Bouncing Heads

I've been asked to find a solution to programmatically render a video with an image in overlay (to be true: lots of videos, with only the image changing), moving around accordly a predefined path. Challenge accepted!

The first idea has been to programmatically generate all the overlaying images frame by frame with ImageMagick, render them into a video, and mix all together with ffmpeg. Of course, this has been dropped after 5 minutes.

The second idea has been to use Processing. I've never used that, but I know his fame to be a popular programming environment for designers and artists so I figured out it could be possible to do what required with little effort. In fact after some googling I've been able to glue the following script, doing what required: move a static image on top of a video:

// Sources:
// https://processing.org/discourse/beta/num_1197673835.html

import processing.video.*;

Movie myMovie;
PImage myPhoto;
float posX;
float posY;
int directionX;
int directionY;

void setup()
{
    size(640, 480);
    myMovie = new Movie(this, "/tmp/happy.flv");
    myPhoto = loadImage("/tmp/leonida.png");
    posX = 0;
    directionX = 0;
    posY = 0;
    directionY = 0;
    myMovie.loop();
}

void movieEvent(Movie myMovie)
{
    myMovie.read();
}

void draw()
{
    image(myMovie, 0,0, width, height);
    if (posX >= width - 100)
        directionX = 1;
    else if (posX <= 0)
        directionX = 0;

    if (directionX == 0)
        posX += 1;
    else
        posX -= 1;

    if (posY >= height - 100)
        directionY = 1;
    else if (posY <= 0)
        directionY = 0;

    if (directionY == 0)
        posY += 1;
    else
        posY -= 1;

    image(myPhoto, posX, posY, 100, 100);
}

Fair enough, but the only way I've found to render it again in a new video has been... use the saveFrame() function, generate all the frames, and mix all together with ffmpeg. Not a viable solution, due the long time required to perform all the actions.

But this experiment permitted to light up a possible effective solution: unpack the video in his single frame, stick the image at the expected coordinates, and render again the output video at the same time.

I ended up discovering the Python binding for OpenCV, famous framework for advanced video and image manipulation, and again googling and attaching pieces together I've obtained a (almost) good script:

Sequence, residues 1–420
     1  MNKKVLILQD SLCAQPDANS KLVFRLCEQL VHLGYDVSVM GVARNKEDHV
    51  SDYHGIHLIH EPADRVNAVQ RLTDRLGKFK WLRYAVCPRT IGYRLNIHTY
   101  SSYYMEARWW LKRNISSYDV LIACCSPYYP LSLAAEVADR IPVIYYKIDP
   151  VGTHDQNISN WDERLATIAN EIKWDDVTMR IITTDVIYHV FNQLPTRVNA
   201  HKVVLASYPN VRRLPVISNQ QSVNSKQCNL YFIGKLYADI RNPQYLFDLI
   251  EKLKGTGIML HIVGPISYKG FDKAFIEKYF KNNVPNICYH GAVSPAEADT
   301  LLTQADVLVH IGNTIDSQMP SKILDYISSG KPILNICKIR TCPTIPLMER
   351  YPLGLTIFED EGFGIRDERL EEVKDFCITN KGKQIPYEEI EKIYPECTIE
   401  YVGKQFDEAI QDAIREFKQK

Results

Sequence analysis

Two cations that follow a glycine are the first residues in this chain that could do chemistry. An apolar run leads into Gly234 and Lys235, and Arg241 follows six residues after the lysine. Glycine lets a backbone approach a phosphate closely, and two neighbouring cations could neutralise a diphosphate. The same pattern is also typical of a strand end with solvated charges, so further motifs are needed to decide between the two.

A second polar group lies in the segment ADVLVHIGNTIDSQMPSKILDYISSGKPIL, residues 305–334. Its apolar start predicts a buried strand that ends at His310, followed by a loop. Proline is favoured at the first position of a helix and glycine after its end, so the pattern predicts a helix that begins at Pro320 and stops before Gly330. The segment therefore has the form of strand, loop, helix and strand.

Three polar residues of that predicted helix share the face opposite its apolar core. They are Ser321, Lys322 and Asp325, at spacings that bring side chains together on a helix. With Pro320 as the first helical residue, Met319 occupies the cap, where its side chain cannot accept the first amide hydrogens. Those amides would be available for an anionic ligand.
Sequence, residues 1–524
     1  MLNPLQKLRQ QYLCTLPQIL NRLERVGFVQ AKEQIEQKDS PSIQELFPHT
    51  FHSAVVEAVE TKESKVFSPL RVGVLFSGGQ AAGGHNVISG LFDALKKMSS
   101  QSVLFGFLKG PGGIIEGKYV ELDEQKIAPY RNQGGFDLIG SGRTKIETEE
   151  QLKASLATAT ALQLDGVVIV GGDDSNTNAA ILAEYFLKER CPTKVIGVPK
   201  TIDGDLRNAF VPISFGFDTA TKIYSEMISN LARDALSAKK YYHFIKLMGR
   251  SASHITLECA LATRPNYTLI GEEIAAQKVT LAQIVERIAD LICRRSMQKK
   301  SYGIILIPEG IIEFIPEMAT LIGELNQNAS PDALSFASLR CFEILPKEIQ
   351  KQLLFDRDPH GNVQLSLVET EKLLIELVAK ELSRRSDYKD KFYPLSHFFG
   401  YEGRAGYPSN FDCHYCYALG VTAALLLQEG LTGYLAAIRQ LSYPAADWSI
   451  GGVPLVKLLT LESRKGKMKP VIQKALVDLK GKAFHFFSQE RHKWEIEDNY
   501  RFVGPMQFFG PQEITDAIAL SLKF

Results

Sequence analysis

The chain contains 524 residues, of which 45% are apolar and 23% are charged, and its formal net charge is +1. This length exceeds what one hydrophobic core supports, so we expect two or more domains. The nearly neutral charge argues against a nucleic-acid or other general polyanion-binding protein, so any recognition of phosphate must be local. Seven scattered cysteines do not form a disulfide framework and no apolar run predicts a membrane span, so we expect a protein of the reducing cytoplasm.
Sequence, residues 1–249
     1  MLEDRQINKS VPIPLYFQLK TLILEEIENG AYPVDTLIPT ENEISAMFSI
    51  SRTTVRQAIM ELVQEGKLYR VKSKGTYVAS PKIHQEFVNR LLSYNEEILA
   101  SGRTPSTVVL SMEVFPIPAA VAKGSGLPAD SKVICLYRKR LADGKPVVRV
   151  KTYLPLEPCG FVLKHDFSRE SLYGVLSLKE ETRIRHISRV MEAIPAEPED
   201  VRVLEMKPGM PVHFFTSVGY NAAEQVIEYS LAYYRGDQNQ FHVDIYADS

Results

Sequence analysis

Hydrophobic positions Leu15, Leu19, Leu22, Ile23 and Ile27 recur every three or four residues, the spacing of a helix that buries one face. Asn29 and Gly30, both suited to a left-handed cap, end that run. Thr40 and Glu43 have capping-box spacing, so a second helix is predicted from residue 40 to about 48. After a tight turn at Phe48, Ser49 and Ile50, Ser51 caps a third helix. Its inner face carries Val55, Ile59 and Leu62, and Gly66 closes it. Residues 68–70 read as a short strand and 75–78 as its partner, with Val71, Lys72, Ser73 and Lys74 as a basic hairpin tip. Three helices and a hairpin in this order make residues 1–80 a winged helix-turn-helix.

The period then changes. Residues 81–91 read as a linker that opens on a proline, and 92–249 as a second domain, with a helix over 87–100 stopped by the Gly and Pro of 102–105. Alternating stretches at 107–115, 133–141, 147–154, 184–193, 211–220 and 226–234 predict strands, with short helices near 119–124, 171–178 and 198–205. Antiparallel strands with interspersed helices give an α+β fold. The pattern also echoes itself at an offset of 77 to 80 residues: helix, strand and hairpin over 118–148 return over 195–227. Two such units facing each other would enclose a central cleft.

# Mostly inspired by:
# http://stackoverflow.com/questions/18954889/how-to-process-images-of-a-video-frame-by-frame-in-video-streaming-using-opencv
# http://docs.opencv.org/trunk/doc/py_tutorials/py_core/py_image_arithmetics/py_image_arithmetics.html

import cv2

cap = cv2.VideoCapture("/tmp/happy.flv")
while not cap.isOpened():
    cap = cv2.VideoCapture("/tmp/happy.flv")
    cv2.waitKey(1000)
    print "Wait for the header"

image = cv2.imread('/tmp/leonida.png')
image2 = cv2.cvtColor(image, cv2.COLOR_BGR2GRAY)
ret, mask = cv2.threshold(image2, 0, 255, 0)
mask_inv = cv2.bitwise_not(mask)
img2_fg = cv2.bitwise_and(image, image, mask = mask)

fourcc = cv2.cv.CV_FOURCC(*"XVID")
out = cv2.VideoWriter('/tmp/output.avi', fourcc, 24, (426, 240))

posX = posY = directionX = directionY = 0

pos_frame = cap.get(cv2.cv.CV_CAP_PROP_POS_FRAMES)
while True:
    flag, frame = cap.read()
    if flag:
        if posX >= (frame.shape[1] - image.shape[1] - 1):
            directionX = 1
        elif posX <= 0:
            directionX = 0

        if posY >= (frame.shape[0] - image.shape[0] - 1):
            directionY = 1
        elif posY <= 0:
            directionY = 0

        if directionX == 0:
            posX += 1
        else:
            posX -= 1

        if directionY == 0:
            posY += 1
        else:
            posY -= 1

        roi = frame[posY:posY + image.shape[0], posX:posX + image.shape[1]]
        img1_bg = cv2.bitwise_and(roi, roi, mask = mask_inv)
        dst = cv2.add(img1_bg, img2_fg)
        frame[posY:posY + image.shape[0], posX:posX + image.shape[1]] = dst

        # This is to view the video in realtime
        # cv2.imshow('video', frame)
        out.write(frame)
    else:
        cap.set(cv2.cv.CV_CAP_PROP_POS_FRAMES, pos_frame-1)

    if cv2.waitKey(10) == 27:
        break
    if cap.get(cv2.cv.CV_CAP_PROP_POS_FRAMES) == cap.get(cv2.cv.CV_CAP_PROP_FRAME_COUNT):
        break

cap.release()
out.release()

(Sorry to be so little pythonic, I will never quit the old-school C style...)

The result of mixing up the first 30 seconds of a very popular videoclip and an angry face is that... now also Leonida is quite happy!

Still there are big issues, mostly due the fact OpenCV do not supports alpha channels and the final rendering is not that good. But this small program gets 9.5 seconds to render the full 30 seconds video, and despite the fact there is room for improvement on the final result still seems a good path to follow.